Girls replicating the Rosie Riveter arm and fist in air pose, standing in front of a sign in a classroom

Q+A with Rosie Riveters Founder and Executive Director Brittany Greer

When Brittany Greer was working in the nuclear energy sector in a communications role, she was surrounded by men. She knew it was time for a change and wanted to inspire girls to diversify the field. But before creating her organization, she needed to find out why there is such little representation of women in STEM careers.

Much to her shock, Greer found between the ages of eight and 11, girls’ overall confidence dropped by 30%, according to industry research.

Enter Rosie Riveters.

In 2016, Greer opened up one of the few organizations that not only focuses on mobilizing girls before that drop off, but also encourages “productive struggle” – getting things wrong before getting it right and being comfortable with not knowing the answer.

Through its four programs, Rosie Riveters works with girls ages four through 14 to build critical thinking skills and self-confidence. We sat down with Greer to learn more about her mission to inspire the next generation of empowered women and girls in STEM.

What is Rosie Riveters’ core mission?

Our mission is to engage and inspire girls from diverse backgrounds in science, technology, engineering and math.

Why do you think it’s important get young girls involved in STEM?

I think it’s important to have girls, women and everybody involved in the STEM field. STEM is literally creating the solutions for tomorrow, and if we don’t have diverse representation, we’re not serving the population effectively. When we have diverse teams, we are less likely to run into those problems because somebody goes, “Hey, this thing doesn’t listen to me,” or, “Hey, I’m pretty sure my heart rate is not that.” When we can start early, what we as an organization can do is mitigate the impact of all those other hurdles that are existing along the way and provide a support system and resources to help navigate that.

What do you think people don’t realize about the lack of women and girls in STEM being an issue?

Let me put it this way: Still to this day if you ask kids to draw a scientist, they will draw a male, on average. I think being more aware of the fact that this is an issue is critical because you’re going to get more innovation by having more diversity on your team, and that’s clear.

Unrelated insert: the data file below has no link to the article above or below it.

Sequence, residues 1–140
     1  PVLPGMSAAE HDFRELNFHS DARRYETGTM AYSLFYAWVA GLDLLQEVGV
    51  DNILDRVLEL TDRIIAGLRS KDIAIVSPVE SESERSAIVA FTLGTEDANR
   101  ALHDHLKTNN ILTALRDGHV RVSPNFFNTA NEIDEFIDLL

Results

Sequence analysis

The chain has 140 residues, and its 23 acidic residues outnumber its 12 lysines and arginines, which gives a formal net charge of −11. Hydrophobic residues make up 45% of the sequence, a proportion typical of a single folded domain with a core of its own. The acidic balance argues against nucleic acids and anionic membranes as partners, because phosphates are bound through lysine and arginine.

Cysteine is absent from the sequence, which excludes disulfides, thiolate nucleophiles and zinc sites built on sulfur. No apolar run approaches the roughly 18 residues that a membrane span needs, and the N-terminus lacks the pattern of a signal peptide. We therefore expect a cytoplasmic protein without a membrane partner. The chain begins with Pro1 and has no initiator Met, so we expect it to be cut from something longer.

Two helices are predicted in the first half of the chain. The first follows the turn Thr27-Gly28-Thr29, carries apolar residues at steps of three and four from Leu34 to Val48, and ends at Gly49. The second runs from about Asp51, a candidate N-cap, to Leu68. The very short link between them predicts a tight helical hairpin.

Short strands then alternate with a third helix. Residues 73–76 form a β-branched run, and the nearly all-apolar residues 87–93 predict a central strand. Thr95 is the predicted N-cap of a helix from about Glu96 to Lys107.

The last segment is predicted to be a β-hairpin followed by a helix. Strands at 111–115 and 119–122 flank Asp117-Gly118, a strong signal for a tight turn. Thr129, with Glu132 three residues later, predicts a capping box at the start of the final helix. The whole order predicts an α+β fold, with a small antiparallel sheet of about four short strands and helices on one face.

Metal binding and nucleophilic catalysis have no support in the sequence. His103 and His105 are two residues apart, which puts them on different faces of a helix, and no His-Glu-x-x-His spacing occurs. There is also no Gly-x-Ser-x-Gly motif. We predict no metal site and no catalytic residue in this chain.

When your day-to-day interaction with some fields are more female-saturated, I think it’s sometimes easy to forget about the lack of representation in other fields. Twenty-eight percent of the STEM workforce is female, 5% of that are women of color. We need to do better, and then we’re all going to be better.

What is the most rewarding thing about what you do?

There is nothing that beats watching a girl go from, “I can’t,” to, “Look what I did!” When we get to look at the confidence built through their own skill sets, it’s the most rewarding thing ever. It’s the reason why volunteers come back, it’s the reason why our volunteers who have full-time jobs in STEM become instructors with us. Getting to see the spark and community we’ve been able to establish…these young women have a really strong ecosystem to support them.

How can others help your mission?

Partnerships are a key part of what we do. If you’re a community partner who wants to integrate STEM, that’s amazing, and a large number of programs are supported by industry. If you’re in an industry who’s looking to recruit more women, that recruitment starts in kindergarten, whether you like it or not. If we can invest in that talent through organizations like Rosie Riveters and others within the region, we can have incredible new hires coming into the pipeline and changing that representation from 28% to far better numbers.

But also come and volunteer with us. Time is really valuable, so we not only love classroom volunteers to support our instructors and facilitate their productive struggle in the classroom, but also women in STEM who want to join us as role models and share their stories.

To support Rosie Riveters’ mission, visit its website here. You can also follow the organization on Instagram, Facebook and Twitter.

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